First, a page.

Luciano Berio Biography

(Italian Composer Noted for His Pioneering Work in Electronic Music)

Birthday: October 24, 1925 (Scorpio)

Born In: Oneglia, Imperia, Italy

Luciano Berio was an Italian composer best known as one of the pioneers of avant-garde Italian music. His first introduction to music happened due to his father and grandfather, both of whom were musicians. He began learning piano at a young age. During his military training, his hand injury caused him to stop playing the piano and he focused on composition. He enrolled in Milan Conservatory to learn music and following his graduation, he began playing music in concerts. Luciano was noted for his experiments with music. He constantly experimented with different sounds in music, instruments and musical styles. He established an electronic music studio in Milan in 1955. There he mixed electronic music with contemporary classical Italian music. He also worked and taught in the USA for a decade in the 1960s. He was a teacher a the Juilliard School, Harvard University and Dartington International Music School. Some of his most popular works are Sinfonia, Sequenza, Circles and Differences. After his return to Europe in the early 1970s, he kept composing and experimented with the Sicilian folk music in some of his final recordings.

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Quick Facts

Italian Celebrities Born In October

Died At Age: 77

Family:

Spouse/Ex-: Cathy Berberian (m. 1950–1964), Susan Oyama (m. 1966–1972), Talia Pecker (m. 1977–2003)

father: Ernesto Berio

mother: Ada dal Fiume

children: Cristina Berio, Daniel Berio, Jonathan Berio, Marina Berio, Stefano Berio

Born Country: Italy

Atheists Composers

Died on: May 27, 2003

place of death: Rome, Italy

Notable Alumni: Dartington International Summer School, Milan Conservatory

More Facts

education: Milan Conservatory, Dartington International Summer School

Childhood & Early Life

Luciano Berio was born on October 24, 1925, in Oneglian, a town in Northern Italy. He was born to Ernesto Berio and Ada dal Flume. He inherited the musical genes from his father and grandfather, both of whom were organists at a local church. He began learning to play the piano at the age of 6 from both his father and his grandfather.

By the time he was 10, Luciano had also begun assisting his father and grandfather to play music in the church. In addition, he was also performing chamber music with his father at his home.

During the outbreak of the Second World War, Luciano was drafted into the military. But during his initial training, he injured his hand while learning how to use a gun and was admitted to a military hospital for a few weeks. The accident had injured his hand beyond repair, hence, he could not play the piano anymore. Still staunch about his musical ambitions, Luciano focused on compositions.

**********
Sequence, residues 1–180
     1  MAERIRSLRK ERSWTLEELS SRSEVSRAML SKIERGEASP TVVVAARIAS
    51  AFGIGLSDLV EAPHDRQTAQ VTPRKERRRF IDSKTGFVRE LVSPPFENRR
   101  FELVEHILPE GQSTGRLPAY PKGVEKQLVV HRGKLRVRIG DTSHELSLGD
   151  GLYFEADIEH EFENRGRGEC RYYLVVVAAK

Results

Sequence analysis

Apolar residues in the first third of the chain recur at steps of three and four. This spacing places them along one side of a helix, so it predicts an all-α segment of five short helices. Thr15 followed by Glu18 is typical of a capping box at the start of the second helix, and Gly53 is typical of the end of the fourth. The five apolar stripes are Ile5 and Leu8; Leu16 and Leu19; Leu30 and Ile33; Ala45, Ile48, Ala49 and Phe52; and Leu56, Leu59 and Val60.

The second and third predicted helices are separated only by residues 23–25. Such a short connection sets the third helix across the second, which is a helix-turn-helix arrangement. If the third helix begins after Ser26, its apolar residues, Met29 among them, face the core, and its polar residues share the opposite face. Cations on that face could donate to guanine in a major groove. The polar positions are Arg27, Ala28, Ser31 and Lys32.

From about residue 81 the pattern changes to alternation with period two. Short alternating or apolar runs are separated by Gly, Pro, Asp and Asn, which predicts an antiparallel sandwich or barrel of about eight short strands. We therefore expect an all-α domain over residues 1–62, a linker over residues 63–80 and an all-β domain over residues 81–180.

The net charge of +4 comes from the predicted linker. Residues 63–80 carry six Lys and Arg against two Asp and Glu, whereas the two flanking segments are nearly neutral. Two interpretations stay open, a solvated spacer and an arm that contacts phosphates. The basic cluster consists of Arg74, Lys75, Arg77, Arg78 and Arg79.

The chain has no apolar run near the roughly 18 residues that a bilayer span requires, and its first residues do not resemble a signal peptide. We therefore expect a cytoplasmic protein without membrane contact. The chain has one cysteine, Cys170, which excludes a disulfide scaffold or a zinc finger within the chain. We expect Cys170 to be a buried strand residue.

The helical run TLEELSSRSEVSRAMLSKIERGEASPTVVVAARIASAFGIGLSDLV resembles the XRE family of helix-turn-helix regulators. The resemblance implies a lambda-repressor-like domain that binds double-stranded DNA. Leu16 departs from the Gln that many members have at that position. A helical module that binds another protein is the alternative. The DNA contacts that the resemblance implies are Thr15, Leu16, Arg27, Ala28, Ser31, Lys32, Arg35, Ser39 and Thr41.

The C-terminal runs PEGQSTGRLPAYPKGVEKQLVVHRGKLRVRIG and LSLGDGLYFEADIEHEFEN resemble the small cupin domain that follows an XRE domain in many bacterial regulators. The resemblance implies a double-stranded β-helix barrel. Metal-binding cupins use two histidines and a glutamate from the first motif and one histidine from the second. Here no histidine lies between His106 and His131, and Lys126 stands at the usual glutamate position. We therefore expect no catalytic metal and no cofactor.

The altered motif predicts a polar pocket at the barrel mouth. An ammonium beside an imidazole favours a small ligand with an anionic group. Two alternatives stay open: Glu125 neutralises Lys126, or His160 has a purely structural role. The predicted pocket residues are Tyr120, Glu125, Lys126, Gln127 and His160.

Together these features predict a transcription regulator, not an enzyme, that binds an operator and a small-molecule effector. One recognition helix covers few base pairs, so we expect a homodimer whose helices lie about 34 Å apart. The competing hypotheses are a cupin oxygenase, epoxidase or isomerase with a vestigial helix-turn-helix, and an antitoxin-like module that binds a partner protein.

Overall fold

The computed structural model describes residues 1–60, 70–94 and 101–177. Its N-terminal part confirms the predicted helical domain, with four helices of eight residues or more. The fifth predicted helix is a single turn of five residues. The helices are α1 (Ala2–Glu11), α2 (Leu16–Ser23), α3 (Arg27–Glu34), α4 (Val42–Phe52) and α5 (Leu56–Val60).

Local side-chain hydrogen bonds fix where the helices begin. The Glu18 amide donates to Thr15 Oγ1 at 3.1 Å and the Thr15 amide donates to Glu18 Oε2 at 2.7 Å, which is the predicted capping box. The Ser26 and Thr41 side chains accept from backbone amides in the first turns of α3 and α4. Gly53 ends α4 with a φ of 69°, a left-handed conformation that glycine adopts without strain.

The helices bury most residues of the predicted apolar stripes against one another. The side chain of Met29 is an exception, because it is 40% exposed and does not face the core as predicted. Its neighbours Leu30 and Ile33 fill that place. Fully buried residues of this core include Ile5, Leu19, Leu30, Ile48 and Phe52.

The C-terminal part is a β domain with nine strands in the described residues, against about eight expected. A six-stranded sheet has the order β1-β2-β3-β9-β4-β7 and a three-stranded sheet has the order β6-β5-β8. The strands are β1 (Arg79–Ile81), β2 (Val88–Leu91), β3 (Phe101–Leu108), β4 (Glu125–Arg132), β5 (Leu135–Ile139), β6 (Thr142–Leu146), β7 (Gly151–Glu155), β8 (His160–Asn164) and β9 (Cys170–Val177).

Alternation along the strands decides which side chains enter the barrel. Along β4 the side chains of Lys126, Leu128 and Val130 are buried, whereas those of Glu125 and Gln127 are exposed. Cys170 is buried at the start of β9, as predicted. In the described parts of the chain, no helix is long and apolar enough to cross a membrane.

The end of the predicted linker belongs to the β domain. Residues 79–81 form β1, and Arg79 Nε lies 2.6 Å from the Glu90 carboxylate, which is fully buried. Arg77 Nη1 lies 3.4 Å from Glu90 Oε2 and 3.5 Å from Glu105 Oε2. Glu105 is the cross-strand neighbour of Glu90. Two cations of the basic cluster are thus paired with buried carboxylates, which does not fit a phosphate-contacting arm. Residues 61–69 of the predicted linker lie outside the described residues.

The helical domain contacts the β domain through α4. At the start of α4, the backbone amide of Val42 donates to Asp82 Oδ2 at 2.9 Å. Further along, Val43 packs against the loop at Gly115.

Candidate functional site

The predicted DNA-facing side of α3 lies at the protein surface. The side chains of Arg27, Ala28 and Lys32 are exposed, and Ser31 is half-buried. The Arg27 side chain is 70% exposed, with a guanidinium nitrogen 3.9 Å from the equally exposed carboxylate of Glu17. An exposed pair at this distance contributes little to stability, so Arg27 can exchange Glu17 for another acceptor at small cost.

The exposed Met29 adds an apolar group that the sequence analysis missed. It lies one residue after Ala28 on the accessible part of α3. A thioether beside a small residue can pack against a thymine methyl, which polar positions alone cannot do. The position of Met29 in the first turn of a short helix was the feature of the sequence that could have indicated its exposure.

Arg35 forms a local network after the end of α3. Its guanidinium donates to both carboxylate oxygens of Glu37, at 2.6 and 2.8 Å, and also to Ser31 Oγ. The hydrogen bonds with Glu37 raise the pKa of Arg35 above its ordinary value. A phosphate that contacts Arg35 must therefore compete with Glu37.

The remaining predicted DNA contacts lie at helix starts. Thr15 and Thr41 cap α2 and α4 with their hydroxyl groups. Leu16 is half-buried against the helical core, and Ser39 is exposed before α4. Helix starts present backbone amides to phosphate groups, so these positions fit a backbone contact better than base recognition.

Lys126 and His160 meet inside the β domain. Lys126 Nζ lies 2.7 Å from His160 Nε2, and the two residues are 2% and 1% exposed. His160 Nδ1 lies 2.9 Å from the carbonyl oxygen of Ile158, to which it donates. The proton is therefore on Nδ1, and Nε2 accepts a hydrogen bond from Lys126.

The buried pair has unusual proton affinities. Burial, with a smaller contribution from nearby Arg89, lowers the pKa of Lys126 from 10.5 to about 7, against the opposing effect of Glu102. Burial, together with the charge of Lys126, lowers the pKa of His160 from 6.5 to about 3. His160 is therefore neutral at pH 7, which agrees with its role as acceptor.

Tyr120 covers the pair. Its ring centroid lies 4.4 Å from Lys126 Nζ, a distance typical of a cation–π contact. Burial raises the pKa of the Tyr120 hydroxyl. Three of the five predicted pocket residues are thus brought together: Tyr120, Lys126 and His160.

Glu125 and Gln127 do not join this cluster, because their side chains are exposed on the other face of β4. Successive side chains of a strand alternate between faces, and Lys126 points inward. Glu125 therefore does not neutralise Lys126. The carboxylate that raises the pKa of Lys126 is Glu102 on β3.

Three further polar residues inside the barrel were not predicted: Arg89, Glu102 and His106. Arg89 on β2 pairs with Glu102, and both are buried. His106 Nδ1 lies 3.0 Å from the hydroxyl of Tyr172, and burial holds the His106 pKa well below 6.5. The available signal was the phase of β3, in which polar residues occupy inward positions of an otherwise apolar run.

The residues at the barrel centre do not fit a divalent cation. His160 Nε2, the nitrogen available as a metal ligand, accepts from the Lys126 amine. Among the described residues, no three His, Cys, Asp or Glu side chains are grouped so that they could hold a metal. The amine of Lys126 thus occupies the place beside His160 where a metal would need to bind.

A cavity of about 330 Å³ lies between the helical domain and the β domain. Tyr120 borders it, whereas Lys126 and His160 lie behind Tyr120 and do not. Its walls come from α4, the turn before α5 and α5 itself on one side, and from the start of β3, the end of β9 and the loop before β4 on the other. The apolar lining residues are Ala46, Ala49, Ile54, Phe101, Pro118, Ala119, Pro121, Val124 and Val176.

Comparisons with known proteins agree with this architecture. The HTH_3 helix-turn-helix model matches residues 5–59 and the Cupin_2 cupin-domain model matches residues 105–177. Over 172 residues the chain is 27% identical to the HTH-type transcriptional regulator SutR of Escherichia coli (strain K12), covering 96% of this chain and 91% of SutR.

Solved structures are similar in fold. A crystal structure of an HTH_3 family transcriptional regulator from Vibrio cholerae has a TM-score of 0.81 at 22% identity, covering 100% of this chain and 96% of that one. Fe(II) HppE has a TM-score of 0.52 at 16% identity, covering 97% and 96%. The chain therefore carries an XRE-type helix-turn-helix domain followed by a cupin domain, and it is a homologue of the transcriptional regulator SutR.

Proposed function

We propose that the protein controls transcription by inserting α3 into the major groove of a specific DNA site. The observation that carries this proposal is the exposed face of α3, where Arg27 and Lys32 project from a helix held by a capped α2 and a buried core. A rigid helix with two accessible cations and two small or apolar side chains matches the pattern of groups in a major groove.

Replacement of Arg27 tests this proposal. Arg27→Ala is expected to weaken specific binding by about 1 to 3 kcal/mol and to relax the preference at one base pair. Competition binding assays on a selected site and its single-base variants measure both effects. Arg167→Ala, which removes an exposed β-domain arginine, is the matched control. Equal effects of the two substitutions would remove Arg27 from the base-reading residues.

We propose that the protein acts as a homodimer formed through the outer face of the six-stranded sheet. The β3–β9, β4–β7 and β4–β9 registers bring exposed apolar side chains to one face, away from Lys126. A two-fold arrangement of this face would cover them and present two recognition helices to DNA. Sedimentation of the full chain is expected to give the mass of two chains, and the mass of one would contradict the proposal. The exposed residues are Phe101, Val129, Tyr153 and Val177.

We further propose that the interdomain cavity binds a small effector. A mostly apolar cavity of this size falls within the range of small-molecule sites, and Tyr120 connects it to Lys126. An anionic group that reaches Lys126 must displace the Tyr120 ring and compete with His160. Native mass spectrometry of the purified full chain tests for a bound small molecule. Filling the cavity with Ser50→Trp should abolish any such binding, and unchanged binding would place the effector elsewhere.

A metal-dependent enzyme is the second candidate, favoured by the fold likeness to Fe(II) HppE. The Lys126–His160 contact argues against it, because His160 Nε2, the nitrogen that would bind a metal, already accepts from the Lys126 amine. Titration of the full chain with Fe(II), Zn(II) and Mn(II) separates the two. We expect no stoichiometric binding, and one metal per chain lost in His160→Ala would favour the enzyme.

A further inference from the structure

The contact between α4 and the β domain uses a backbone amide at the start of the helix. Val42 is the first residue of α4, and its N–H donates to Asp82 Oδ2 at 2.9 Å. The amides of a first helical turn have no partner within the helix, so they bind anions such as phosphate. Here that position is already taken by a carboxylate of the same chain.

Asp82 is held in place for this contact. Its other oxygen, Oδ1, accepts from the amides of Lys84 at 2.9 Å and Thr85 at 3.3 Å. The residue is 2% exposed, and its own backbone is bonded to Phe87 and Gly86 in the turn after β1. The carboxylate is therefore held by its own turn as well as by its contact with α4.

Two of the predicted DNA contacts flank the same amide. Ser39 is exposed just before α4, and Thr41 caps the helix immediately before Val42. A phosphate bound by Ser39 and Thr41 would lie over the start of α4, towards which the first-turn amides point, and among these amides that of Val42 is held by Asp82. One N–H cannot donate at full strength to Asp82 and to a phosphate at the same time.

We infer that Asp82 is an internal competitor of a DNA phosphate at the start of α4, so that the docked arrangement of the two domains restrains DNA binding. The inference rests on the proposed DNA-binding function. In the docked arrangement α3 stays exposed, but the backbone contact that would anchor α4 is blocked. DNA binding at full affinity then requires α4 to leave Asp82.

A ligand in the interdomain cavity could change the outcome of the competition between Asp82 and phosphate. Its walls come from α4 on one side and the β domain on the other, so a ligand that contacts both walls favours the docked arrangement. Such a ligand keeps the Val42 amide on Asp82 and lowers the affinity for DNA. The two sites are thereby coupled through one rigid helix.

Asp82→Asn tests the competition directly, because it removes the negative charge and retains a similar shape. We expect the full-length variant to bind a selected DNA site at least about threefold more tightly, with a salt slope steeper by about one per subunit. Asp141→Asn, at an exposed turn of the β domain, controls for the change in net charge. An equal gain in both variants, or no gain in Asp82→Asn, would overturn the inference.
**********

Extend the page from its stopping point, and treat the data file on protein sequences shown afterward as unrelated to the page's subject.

After the war ended, Luciano enrolled in the University of Milan, where he studied law. During his university years, he was introduced to musical greats such as Stravinsky and Schoenberg, which further ignited his desire to do music. Consequently, he left the law college after a year and began attending Milan Conservatory where he began training under Giulio Cesare Paribeni and Giorgio Federico Ghedini.

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Career

In 1947, Luciano played his first piano suite in front of a crowd. Following his graduation from the Conservatory, he began coaching opera seminars and conducting in multiple Italian opera houses. Around the same time, he was constantly composing new music and finding new ways to redefine his music.

Two of his well-known compositions from the early 1950s are Due Pezzi and Variazioni. Both these compositions were modernist in style but they also gave a nod to classical Italian music.

He met a poet named James Joyce, who was introduced to him by a friend. Luciano was highly impressed with his poems and recoded Chamber Music, based on James’ writings. James’ work would play a key role in Luciano developing a distinct musical style of his own, which later on became his signature.

In the late 1940s, he also met, married and toured with singer Cathy Barbarian, whose voice would further act as an inspiration for many of his later compositions. He went to America in 1950 and met Luigi Dallapiccola there, becoming interested in serialism. All of Luciano’s experiences combined caused him to gain an interest in electronic music.